Sheri Lynn said: ” If she goes further into body modification, however, she’d be treated badly if she investigated.”
Fortunately, I can say that, as an investigator, I was never treated badly despite my (relatively extreme) body modifications.
I confess to being a little schizophrenic on these issues. On the one hand, for example, I’ve enjoyed the goatee I’ve grown twice (and shaved for Institute and BYU), I like blue shirts, and I’m certainly not a rave-attending counter-culture (or pop-culture-embracing?) member. But, I also believe that the prophets are completely within the limits of their calling when they say things like this.
Few scholars disagree with the idea that some (many?) of the prohibitions in the Old Testament that seem arbitrary, silly, or without “spiritual” meaning were meant to set Israel apart from its neighbors culturally, to make them distinct in a clear way. Some of those commandments may have seemed quite silly to the Israelites, and yet it was part and parcel of the message of the prophets.
I am sometimes reminded of the complaint made against the prophets by Israelites in Isaiah’s day, who wanted the prophets to “Prophesy unto us easy things.” (Isa. 30:9-10)
Pris, are you a cyborg? That would be really cool. It would also explain why no one would treat you badly.
Frank: Not yet, but maybe someday; as of now, they’re more natural. Ha! Maybe that is why the didn’t treat me badly–they were scared of me…
Ben S. wrote:
Few scholars disagree with the idea that some (many?) of the prohibitions in the Old Testament that seem arbitrary, silly, or without “spiritual” meaning were meant to set Israel apart from its neighbors culturally, to make them distinct in a clear way. Some of those commandments may have seemed quite silly to the Israelites, and yet it was part and parcel of the message of the prophets.
This reminded me that the prohibition against tattooing is among those “prohibitions in the Old Testament”:
Ye shall not make any cuttings in your flesh for the dead, nor print any marks upon you: I am the LORD.
Oddly this talk caused an immediate change to the BYU honor code for piercings but not for tattoos. While I admit that it is easier to remove one than the other, I wonder if the athletic department was consulted?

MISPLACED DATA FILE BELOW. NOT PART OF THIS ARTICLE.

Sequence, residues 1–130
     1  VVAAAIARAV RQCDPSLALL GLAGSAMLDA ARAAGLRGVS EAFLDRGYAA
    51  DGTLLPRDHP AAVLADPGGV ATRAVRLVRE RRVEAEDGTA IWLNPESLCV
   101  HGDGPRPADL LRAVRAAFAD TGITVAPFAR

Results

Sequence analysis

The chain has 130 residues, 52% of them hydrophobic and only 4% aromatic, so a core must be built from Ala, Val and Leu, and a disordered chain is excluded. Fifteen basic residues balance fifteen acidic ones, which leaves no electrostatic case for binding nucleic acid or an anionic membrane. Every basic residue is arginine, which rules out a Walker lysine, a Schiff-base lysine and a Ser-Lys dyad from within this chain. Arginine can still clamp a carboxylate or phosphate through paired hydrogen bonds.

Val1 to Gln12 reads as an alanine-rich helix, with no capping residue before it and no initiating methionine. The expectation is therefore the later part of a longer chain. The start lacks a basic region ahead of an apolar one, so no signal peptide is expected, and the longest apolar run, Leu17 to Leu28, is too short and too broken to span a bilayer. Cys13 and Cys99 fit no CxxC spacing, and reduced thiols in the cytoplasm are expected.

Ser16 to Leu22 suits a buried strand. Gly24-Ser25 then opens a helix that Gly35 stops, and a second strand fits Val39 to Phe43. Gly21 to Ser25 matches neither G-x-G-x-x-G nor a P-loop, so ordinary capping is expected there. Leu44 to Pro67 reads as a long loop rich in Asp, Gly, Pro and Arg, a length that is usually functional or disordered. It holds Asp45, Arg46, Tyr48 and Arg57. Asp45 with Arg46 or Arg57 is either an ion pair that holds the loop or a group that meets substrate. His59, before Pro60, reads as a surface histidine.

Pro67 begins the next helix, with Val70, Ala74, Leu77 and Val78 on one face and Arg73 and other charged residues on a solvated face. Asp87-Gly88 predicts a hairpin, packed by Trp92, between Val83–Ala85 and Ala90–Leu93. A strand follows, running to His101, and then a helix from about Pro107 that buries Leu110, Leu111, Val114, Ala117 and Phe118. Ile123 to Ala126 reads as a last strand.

I was sitting between two young, black teenage boys who grew up in the projects of New York City and were on the fringes of the church when the message regarding men and earings was given. Both had their ears pierced. As did I, though I had only worn it on occasion over the previous year.
I had no problem letting the hole in my ear grow in. And I believe the prophet can speak regarding anything the Lord wants to share with us. That is his role. But I still have a hard time believing that the Lord really cared whether the two boys I was with had their ears pierced.
At the next general conference, I remember a speaker (I don’t remember who) told the story of his daughter who took her second set of earings out after the prophet spoke. I am probably getting the details wrong, but he said something to the effect of: I don’t know whether her earings would have affected her salvation, but I do know that her willingness to follow the prophet will. I thought that was a powerful message and shared it with them, but I am not sure the got it.
As the Church grows and becomes less culturally bounded, maybe “general” conference will be recognized as a place to make universal doctrinal statements and not correct local problems. Perhaps not. The prophet can’t speak personally in every locale and, unfortunately, must speak against the greatest local problems when he gets the opportunity.
From Elder Oaks, in 1971:
The rule against beards and long hair for men stands on a different footing. I am weary of having young people tell me how most of our Church leaders in earlier times wore beards and long hair, which shows that these are not inherently evil. Others argue that beards cannot be evil because they see bearded men enjoying the privileges of the temple. To me, this proposition seems so obvious that it is hardly worth mentioning. Unlike modesty, which is an eternal value in the sense of rightness or wrongness in the eyes of God, our rules against beards and long hair are contemporary and pragmatic. They are responsive to conditions and attitudes in our own society at this particular point in time. Historical precedents are worthless in this area. The rules are subject to change, and I would be surprised if they were not changed at some time in the future. But the rules are with us now, and it is therefore important to understand the reasoning behind them.